MEDICARE REVISES GUIDANCE FOR NATIONAL COVERAGE DETERMINATIONS WITH EVIDENCE DEVELOPMENT
The Centers for Medicare & Medicaid Services (CMS) today released revised guidance for national coverage determinations (NCDs) that include, as a condition of payment, the development and capture of additional patient data to supplement standard claims data and help ensure that patients receive appropriate care.
“Our goal is to speed access to valuable new technologies, and to promote the effective use of those technologies by providing patients and doctors with better medical evidence,” said CMS Administrator Mark B.
“In the particular cases where this coverage approach is relevant, our new guidance provides for faster and more effective coverage coupled with more informed clinical decision making,” Dr. McClellan said. “We expect these steps to lead to more appropriate use of beneficial treatments with better health outcomes and fewer unnecessary medical costs and complications.”
This release follows CMS announcement that it is reconsidering its NCD on how it covers clinical research, to better clarify how and when CMS can pay for both routine costs and investigational costs incurred in clinical trials.
Collecting additional patient data as part of the coverage process, Coverage with Evidence Development (CED), generates data on the utilization and impact of the item or service evaluated in the NCD, so that Medicare can 1) document the appropriateness of use of that item or service in Medicare beneficiaries under current coverage; 2) consider future changes in coverage for the item or service; and 3) generate clinical information that will improve the evidence base on which providers base their recommendations to Medicare beneficiaries regarding the item or service.
When CMS requires CED, the NCD review process might result in a decision to provide coverage only when certain data about patients’ clinical conditions are collected that are not normally present in claims data, or a decision to provide coverage for an item or service for beneficiaries enrolled in a clinical trial. In either case, additional data on outcomes of patients receiving the covered service or item can be well documented.
The specific data developed through the CED process may help ensure that the care provided to a particular beneficiary is “reasonable and necessary for the diagnosis or treatment of illness or injury or to improve the functioning of a malformed body member,” the standard set by law for Medicare coverage. CMS will review these data collected under the auspices of CED to ensure that care provided conforms to the conditions stated in the NCD.
The CED process may also prove helpful when there have been significant barriers to conducting research about an item or service at the time of the NCD review. In such cases, coverage may be provided for the item or service for Medicare beneficiaries enrolled in a clinical study of it. In this circumstance, the medical evidence must indicate that the item or service is safe and has a high potential to provide significant benefit to Medicare beneficiaries.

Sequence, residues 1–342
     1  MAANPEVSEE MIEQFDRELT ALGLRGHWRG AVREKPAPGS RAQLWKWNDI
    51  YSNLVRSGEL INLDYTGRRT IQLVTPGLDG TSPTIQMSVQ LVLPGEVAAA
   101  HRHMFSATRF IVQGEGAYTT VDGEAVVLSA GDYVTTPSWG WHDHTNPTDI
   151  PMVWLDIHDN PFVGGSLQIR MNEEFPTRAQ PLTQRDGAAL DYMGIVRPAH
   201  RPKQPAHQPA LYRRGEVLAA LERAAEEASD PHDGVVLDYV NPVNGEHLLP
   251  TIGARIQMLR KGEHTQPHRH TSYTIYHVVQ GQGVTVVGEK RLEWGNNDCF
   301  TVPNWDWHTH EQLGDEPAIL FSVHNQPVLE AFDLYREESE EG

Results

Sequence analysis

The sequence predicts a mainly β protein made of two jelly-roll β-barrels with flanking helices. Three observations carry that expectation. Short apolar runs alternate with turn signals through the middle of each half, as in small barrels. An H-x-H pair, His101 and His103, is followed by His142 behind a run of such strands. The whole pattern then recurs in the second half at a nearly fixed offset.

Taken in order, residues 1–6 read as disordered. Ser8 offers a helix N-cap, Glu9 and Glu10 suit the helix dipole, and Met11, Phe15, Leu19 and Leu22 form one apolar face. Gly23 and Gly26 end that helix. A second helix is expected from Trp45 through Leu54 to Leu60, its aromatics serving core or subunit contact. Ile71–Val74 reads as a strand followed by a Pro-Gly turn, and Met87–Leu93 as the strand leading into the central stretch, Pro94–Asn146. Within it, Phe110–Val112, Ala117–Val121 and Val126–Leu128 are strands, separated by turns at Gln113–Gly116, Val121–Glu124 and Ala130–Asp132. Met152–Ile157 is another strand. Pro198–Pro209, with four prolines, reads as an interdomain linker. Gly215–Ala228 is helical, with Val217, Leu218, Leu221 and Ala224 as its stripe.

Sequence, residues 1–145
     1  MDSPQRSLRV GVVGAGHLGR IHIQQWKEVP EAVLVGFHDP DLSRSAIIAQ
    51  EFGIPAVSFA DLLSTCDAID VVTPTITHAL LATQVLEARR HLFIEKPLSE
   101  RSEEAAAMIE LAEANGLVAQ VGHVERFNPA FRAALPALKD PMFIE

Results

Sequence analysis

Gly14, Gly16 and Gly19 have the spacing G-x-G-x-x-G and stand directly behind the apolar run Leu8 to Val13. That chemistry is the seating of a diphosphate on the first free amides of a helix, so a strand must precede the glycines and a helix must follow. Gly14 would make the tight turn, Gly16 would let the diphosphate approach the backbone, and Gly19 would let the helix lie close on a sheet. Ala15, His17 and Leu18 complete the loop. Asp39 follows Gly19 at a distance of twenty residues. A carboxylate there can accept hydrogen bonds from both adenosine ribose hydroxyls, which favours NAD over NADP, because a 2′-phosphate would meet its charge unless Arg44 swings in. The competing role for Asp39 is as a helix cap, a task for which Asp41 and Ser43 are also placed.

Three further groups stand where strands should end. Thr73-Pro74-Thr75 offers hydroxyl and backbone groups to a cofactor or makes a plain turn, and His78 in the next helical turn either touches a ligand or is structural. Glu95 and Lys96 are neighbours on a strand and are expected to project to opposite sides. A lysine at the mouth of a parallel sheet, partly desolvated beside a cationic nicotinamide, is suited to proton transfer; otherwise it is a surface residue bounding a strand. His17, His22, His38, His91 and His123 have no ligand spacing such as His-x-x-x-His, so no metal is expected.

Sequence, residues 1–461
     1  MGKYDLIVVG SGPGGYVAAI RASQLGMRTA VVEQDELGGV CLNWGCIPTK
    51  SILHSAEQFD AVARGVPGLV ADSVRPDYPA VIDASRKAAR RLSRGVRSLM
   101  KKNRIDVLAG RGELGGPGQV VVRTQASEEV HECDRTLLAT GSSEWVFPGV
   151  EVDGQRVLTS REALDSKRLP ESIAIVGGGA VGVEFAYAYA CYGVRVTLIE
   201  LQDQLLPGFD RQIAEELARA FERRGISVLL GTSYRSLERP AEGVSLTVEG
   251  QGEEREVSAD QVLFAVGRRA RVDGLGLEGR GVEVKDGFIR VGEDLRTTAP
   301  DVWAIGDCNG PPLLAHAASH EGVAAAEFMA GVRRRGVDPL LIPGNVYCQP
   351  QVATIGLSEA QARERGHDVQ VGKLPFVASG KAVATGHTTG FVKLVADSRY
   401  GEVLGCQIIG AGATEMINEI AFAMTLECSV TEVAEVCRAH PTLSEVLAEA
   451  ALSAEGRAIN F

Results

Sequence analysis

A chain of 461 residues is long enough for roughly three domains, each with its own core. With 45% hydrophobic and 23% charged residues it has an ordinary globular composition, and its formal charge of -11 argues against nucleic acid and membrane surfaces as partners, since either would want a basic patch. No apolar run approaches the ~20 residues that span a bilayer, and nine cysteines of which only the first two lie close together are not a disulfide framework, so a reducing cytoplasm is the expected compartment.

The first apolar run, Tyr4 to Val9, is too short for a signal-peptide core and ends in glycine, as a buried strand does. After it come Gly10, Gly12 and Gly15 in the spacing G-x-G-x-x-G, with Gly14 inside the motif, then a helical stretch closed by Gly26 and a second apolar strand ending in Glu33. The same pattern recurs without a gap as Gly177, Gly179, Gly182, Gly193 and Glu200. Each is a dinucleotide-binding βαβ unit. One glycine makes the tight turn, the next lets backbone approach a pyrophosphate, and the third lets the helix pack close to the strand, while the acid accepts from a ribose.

By reconsidering its National Coverage Determination on coverage of clinical trials to better clarify its relationship to CED, CMS is providing the public an opportunity to engage in a discussion of those changes.
“The results of the data collection achieved through CED have the potential to improve patient health and physician decision making while speeding access to innovative technologies,” Dr. McClellan said. “This policy should encourage industry efforts to invest in innovations that enhance the care of our beneficiaries while helping doctors employ these innovations, armed with better evidence about how they impact health of Medicare beneficiaries. New evidence resulting from CED should lead to more personalized medical care for our beneficiaries and more effective coverage of certain innovative technologies.”
CMS posted a draft document on April 7, 2005 which drew a large number of public comments. The agency considered this in developing the version issued today, with particular emphasis on responding to concerns raised by the public about the meaning and particular applications of CED and clarifying the legal basis for incorporating CED into the national coverage process.
Based on this feedback, this revised guidance document includes new information on several subjects. For example, it introduces two precepts of CED—coverage with appropriateness determination (CAD) and coverage with study participation (CSP). Distinguishing these two types of CED provides clarity on CMS’ rationale for collecting data and the legal bases that CMS may invoke in order to authorize this collection.
This revision of the CED guidance document is available for review on the CMS’ Coverage website at www.cms.hhs.gov/coverage.